Turkey-abstinence on Thanksgiving a humane way to spend the holiday
There is a stuffed bird carcass lying headless in the middle of your dining room table. It’s the only remains of an animal whose lifetime was spent immobilized in disease-ridden confinement, force-fed antibiotics and a subject of physical violence. Happy Thanksgiving.
Abstaining from turkey consumption on Thanksgiving is a way to protest inhumane practices by denying the industry your money and your mouth.
According to a 2010 investigation by the Humane Society of the United States, young, sick turkeys are often fed through a meat grinder, alive.
Other findings included turkeys being hung by their necks on conveyor belts while a laser burns off part of their beaks. During the transportation process alone, turkeys are thrown into crates, often breaking their bones. Many die en-route to the slaughterhouse in freezing weather conditions, according to People for the Ethical Treatment of Animals. The survivors’ throats are slit while hung upside down by their feet.
Conditions while the animals are alive are equally abhorrent.
Their beaks are cut off so they won’t injure each other, and they are force-fed growth hormone. They live in cramped spaces so small they cannot stretch out their wings.
These are the same conditions that bred mad cow disease, and if your turkey dinner ate chemicals and stood in its own feces during the course of its life, you will be eating chemicals and feces as well.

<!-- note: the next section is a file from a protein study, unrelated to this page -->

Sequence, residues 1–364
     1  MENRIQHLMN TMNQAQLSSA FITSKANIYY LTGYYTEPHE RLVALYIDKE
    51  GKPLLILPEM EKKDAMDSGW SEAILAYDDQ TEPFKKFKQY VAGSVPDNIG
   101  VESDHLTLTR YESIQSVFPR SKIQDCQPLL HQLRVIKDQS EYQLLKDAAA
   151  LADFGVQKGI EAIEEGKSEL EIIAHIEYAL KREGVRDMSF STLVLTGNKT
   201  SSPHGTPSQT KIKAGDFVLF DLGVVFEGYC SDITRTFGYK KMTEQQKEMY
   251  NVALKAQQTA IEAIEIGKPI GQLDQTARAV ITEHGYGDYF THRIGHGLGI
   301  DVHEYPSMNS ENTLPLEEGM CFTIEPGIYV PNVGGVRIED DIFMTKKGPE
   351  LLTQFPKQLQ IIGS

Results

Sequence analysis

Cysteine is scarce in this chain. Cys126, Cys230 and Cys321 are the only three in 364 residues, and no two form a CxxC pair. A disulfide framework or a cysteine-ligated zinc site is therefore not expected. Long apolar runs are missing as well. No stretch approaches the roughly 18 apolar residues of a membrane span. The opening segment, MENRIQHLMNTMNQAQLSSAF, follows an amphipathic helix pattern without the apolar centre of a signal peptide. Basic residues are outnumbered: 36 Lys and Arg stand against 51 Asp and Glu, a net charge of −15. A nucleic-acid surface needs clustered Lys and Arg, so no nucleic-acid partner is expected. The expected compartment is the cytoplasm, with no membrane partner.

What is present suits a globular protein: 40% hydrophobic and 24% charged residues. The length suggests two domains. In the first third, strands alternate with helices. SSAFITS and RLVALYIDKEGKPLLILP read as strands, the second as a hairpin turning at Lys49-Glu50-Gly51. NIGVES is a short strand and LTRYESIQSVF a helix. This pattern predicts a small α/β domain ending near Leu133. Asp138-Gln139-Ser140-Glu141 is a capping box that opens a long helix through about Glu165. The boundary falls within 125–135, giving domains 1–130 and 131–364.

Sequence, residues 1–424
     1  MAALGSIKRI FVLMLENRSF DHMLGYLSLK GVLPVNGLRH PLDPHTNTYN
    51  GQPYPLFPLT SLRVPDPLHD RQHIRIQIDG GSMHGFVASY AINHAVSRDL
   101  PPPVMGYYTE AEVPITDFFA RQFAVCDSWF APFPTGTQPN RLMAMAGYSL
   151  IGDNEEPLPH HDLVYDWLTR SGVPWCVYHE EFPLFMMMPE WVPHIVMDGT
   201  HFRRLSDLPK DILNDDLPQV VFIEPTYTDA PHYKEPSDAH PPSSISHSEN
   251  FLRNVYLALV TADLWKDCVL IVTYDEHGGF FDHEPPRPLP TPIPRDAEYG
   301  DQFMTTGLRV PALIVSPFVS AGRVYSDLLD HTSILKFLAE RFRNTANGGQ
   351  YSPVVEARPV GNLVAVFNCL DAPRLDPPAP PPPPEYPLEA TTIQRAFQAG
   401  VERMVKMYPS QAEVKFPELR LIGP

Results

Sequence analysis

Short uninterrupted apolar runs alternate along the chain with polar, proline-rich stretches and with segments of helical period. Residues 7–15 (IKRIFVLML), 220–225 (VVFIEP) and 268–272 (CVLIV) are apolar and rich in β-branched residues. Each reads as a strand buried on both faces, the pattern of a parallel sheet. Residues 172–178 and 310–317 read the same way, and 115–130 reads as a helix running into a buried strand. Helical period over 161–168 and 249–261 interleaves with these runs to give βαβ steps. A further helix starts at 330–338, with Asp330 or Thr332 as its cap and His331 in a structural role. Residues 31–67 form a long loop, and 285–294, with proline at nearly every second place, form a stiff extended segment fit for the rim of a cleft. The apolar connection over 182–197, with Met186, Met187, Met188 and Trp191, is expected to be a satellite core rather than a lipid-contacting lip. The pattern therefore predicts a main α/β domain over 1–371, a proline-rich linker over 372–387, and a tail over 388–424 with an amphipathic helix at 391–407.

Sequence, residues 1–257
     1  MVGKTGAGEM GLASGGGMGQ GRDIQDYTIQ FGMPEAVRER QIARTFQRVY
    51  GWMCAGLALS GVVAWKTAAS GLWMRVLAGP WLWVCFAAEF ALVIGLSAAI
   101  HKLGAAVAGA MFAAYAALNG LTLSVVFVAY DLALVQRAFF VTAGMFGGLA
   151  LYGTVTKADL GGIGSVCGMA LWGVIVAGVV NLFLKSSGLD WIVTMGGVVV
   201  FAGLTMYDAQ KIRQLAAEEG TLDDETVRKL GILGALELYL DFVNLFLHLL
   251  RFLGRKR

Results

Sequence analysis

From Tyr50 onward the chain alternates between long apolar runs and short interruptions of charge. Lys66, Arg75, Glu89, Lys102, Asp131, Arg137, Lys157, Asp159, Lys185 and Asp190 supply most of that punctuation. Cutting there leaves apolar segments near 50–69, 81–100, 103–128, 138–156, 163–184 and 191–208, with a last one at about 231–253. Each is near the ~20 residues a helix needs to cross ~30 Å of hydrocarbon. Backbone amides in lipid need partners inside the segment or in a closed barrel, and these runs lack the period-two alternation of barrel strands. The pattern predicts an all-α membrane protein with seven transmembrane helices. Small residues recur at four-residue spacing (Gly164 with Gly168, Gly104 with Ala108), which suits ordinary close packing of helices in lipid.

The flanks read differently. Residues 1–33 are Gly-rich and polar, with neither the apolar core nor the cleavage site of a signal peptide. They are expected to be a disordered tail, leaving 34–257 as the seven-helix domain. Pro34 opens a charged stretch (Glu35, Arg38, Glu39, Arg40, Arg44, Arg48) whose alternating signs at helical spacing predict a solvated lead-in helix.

Most turkeys and traditional farm animals such as cows, pigs and chickens are manufactured, not raised, in industrial, assembly line-like settings because it saves time and money for meat corporations.
It is no secret that the turkey industry is busier now than at any other time of year and many Americans aren’t blithely unaware of the meat industry, as they once were. Despite the unveiling of meat industry practices in novels and documentaries such as Jonathan Safran Foer’s “Eating Animals” and Michael Pollan’s “The Omnivore’s Dilemma,” the US Census Bureau estimated that $3.6 billion worth of turkeys were “produced” during 2009.
Thanksgiving is a holiday based on tradition and gratitude. There is nothing traditional about meat consumption in the modern age. Animals are no longer hunted in the fields or even bred on farms; they are manufactured in factories and killed on an assembly line.
Apathy is the order of the day, and hey, they were made to be killed, right?
According to a survey conducted by the Humane Society, nearly 40 percent of American households own a dog or a cat as a pet, yet Lassie is hardly ever on the menu. Why eat one kind of animal and not another?
There are more humane, healthier alternatives such as Tofurkey, or just serving other vegetable and starch dishes. Giving up this year’s Thanksgiving turkey will help tell the meat industries that their inhumane practices are not acceptable by the American public.